Thursday, April 7, 2016

The Dark Frigate

You can buy a copy of The Dark Frigate by Charles Boardman Hawes at Amazon, Barnes and Noble, and BooksAMillion or you can read a copy for free through Project Gutenberg.

The Blurb

In seventeenth century England, a terrible accident forces orphaned Philip Marsham to flee London in fear for his life. Bred to the sea, he signs on with the "Rose of Devon," a dark frigate bound for the quiet shores of Newfoundland. 
Philip's bold spirit and knowledge of the sea soon win him his captain's regard. But when the "Rose of Devon" is seized in midocean by a devious group of men plucked from a floating wreck, Philip is forced to accompany these "gentlemen of fortune" on their murderous expeditions. Like it or not, Philip Marsham is now a pirate--with only the hangman awaiting his return to England.
With its bloody battles, brutal buccaneers, and bold, spirited hero, this rousing tale will enthrall young listeners in search of seafaring adventure.





My Review 
The Dark Frigate by Charles Boardman Hawes
My rating: 1 of 5 stars
I think this book was written as a response to Daniel Defoe's Moll Flanders, with a male character instead of a female character. My exact note that I made during reading was: "mansplaining Moll Flanders."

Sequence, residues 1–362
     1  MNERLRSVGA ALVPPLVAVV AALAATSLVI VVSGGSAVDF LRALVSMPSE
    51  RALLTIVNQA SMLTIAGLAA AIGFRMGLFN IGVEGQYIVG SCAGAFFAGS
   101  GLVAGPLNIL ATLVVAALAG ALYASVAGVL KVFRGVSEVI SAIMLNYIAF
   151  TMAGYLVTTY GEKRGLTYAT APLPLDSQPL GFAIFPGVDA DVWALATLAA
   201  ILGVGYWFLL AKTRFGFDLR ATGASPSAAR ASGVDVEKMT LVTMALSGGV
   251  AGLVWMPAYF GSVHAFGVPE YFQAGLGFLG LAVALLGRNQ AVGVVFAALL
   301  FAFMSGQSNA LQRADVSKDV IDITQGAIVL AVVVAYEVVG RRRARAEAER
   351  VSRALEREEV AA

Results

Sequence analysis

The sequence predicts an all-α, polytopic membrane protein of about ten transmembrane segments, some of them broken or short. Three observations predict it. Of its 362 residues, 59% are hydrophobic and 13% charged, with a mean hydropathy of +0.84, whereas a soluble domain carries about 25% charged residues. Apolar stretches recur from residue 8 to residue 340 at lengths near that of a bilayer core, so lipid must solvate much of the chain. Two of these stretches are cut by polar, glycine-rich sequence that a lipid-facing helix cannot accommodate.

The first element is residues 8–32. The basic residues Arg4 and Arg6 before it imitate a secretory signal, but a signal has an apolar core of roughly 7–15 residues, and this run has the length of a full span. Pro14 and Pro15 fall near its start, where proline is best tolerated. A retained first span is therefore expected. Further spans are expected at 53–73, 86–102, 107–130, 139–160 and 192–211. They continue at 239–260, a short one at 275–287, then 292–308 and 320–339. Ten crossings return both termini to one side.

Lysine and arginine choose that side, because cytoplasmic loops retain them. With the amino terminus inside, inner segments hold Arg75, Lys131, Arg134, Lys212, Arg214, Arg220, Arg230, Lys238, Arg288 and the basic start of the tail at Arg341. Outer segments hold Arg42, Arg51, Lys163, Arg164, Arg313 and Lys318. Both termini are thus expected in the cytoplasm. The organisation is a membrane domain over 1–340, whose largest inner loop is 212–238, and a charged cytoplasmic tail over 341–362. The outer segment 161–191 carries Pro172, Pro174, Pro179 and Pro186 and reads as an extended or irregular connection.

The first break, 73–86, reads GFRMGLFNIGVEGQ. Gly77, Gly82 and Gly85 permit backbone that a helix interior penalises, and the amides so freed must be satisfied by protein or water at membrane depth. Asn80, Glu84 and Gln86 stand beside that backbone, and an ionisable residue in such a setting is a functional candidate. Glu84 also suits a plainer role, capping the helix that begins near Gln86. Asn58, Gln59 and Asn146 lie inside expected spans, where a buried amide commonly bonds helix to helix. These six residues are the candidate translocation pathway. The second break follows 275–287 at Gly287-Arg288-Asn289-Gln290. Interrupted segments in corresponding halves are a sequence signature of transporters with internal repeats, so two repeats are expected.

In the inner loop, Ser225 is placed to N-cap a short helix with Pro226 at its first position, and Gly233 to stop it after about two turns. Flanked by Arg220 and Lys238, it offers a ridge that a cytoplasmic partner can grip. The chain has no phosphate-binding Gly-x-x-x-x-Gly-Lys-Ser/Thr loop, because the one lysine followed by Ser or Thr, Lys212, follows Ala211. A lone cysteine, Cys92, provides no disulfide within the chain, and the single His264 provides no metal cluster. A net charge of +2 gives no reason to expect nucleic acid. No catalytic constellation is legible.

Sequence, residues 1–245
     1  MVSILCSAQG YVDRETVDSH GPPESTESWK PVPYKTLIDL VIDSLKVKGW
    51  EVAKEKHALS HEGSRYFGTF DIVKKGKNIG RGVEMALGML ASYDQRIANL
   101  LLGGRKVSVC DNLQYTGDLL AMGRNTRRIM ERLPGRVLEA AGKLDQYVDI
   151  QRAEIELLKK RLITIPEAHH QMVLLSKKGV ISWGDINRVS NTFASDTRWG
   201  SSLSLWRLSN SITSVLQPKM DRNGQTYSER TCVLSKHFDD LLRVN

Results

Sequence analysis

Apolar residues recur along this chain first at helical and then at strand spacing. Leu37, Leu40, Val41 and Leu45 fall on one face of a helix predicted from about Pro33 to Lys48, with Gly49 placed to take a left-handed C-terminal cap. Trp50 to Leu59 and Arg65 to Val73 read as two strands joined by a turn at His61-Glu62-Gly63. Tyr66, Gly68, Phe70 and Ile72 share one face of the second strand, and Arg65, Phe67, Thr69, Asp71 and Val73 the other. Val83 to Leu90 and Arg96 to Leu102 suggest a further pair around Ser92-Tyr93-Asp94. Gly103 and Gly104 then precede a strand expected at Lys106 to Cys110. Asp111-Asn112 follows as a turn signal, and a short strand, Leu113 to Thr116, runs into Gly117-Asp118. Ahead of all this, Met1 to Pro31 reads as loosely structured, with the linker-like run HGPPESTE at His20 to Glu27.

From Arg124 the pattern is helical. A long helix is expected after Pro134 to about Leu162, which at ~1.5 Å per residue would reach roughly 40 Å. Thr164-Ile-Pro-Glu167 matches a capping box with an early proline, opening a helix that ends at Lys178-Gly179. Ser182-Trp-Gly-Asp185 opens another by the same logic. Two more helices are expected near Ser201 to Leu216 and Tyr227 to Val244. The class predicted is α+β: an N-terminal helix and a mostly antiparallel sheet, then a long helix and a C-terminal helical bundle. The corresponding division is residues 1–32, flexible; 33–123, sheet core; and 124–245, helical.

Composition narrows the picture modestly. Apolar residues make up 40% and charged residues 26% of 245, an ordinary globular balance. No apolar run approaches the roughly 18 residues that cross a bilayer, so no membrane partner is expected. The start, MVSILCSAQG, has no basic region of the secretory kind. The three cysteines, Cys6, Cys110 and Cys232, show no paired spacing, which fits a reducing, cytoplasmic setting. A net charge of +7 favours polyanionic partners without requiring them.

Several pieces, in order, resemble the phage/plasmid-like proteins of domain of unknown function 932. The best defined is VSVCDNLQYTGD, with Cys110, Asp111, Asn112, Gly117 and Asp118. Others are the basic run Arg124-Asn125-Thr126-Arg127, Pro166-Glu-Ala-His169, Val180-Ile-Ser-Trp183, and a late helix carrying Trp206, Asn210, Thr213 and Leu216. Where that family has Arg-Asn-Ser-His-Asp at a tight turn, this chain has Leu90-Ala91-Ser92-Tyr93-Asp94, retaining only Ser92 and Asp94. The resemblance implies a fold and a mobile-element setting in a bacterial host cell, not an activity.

I enjoyed Defoe's Moll Flanders - a book driven by carnal sins and being a woman in a world with few options and even less legal rights. Moll is a book I wouldn't share with children - older teens, yes, especially young women, but not children - so this book feels like a way of encouraging children to dismiss women, to dismiss Moll Flanders, before the child is even old enough to read Moll Flanders.

Hawes removes the carnal sins that drive Moll Flanders so his story falls flat. The few action scenes that liven up the story are few and far between. Philip Marsham mostly stands around, speaking archaic language with some random fellas he hooks up with, choosing to do NOTHING to stop events he knows about before they happen (some call that acting as an accomplice). And it's all of his own volition. He has other choices, he just doesn't make them. Then, after escaping the consequences of his bad decisions, Philip gets a hunky-dory happy ending, stepping up to take the place of his privileged grandfather - so unlike poor Moll, which makes me want to slap Hawes because he missed the entire point of Moll Flanders (a legal system slanted for the privileged wealthy, for men instead of women).

Just skip this book and go read Moll Flanders; it's a better book with more substance than Hawes' poor imitation.

View all my reviews

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